Thursday, April 07, 2016

DON’T FRET THE SMALL STUFF...INSTEAD FIND DELIGHT (YOU KNOW WHERE THE LIGHT SWITCH IS) IN EVERYTHING...BIG, SMALL AND IN BETWEEN...



At the beach at Southport on Queensland's Gold Coast - in years gone by -..with the daughter of friends of mine

Can you recall the days of splayds, Filet Mignons, Beef Wellingtons, French Onion soup, French Onion Dip, Chicken a la King, Chicken Kiev, Prawn Cocktails, Syllabub, Chocolate Ripple Logs et al; washed down with a glass or two of Orlando’s Barossa Pearl, or Lindeman’s Porphyry Pearl or St. Cora Burgundy

I never did drink the lightly effervescent Porphyry Pearl or Barossa Pearl after sampling the first sip or two of either.  Both Pearls were far too sweet for me; not my style of wine in any way.  I’ve always preferred red wine over white. And when I do have a white wine, I like it to be a dry white.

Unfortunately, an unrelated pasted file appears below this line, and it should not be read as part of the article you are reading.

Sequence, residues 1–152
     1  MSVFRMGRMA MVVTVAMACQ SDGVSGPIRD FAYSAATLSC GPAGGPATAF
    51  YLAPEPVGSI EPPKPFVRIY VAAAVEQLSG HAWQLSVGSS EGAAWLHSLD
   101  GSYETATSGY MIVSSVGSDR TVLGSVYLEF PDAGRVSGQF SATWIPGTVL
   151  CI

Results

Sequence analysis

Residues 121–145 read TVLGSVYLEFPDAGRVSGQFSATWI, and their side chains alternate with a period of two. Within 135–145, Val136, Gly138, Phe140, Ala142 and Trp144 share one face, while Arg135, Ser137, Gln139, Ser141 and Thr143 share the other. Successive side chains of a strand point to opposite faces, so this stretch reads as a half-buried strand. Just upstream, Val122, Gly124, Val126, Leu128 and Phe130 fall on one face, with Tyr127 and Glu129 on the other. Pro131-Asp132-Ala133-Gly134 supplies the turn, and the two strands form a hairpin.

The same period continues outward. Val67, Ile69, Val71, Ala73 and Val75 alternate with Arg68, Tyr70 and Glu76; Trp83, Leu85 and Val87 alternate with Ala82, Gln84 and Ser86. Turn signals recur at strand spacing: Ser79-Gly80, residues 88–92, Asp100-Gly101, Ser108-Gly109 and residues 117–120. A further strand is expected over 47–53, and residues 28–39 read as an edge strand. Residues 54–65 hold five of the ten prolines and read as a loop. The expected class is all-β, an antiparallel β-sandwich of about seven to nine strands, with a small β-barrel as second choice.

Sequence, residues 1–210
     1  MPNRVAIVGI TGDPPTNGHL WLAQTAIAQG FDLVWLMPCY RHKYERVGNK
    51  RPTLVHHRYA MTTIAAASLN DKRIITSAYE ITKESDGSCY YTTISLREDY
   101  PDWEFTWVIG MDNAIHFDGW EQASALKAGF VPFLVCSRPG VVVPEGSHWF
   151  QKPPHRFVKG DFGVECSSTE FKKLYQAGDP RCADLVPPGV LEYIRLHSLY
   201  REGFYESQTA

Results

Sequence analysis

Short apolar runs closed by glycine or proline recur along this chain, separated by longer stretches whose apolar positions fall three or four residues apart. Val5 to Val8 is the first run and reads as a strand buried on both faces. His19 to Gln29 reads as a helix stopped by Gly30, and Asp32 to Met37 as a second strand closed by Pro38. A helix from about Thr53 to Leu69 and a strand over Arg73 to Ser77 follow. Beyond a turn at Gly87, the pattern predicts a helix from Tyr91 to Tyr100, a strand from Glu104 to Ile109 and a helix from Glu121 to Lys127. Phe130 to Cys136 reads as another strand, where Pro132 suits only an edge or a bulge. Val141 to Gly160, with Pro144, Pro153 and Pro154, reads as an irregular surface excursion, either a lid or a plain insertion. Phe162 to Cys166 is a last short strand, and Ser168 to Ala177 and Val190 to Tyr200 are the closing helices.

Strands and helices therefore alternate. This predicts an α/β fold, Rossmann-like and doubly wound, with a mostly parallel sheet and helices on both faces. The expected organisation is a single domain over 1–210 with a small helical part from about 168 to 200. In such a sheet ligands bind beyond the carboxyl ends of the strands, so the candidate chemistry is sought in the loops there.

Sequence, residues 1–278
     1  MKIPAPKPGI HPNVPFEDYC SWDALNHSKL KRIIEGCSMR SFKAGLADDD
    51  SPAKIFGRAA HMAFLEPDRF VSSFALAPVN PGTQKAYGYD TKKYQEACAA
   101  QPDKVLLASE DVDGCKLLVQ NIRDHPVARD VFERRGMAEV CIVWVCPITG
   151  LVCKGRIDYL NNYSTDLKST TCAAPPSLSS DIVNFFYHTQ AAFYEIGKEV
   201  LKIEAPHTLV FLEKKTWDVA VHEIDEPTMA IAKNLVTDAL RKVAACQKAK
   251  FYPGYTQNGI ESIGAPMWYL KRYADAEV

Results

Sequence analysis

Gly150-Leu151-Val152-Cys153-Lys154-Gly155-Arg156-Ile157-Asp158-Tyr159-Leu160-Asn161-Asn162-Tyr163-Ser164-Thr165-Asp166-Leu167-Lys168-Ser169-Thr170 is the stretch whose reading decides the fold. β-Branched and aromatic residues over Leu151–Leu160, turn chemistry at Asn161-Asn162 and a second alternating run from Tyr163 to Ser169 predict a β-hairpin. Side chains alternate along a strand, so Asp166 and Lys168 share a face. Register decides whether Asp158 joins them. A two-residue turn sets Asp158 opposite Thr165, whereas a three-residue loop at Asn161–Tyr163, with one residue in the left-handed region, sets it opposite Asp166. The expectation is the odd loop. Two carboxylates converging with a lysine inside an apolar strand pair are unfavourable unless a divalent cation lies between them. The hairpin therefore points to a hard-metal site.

It seems like only yesterday when flaming Crepe Suzettes and explosive Bombe Alaskas reigned supreme on our dessert tables. 

Sometimes it feels as if it was only yesterday that I was still in my teens and early 20s, trim, taut and terrific, light-heartedly enjoying blithesome weekends with my group of friends at the beach .  Carefree times when our bikinis became briefer and our tans more golden.  These days a glance in the mirror quickly brings me rudely back to reality.  I don't recognise the stranger who lives in my mirror!  The girl that I was has long gone.  Fortunately, most of my friends with whom I shared those halcyon times haven’t departed (and they see similar reflections when they look into their own mirrors)!  When we chat these days, often we reminisce about our days in the sun.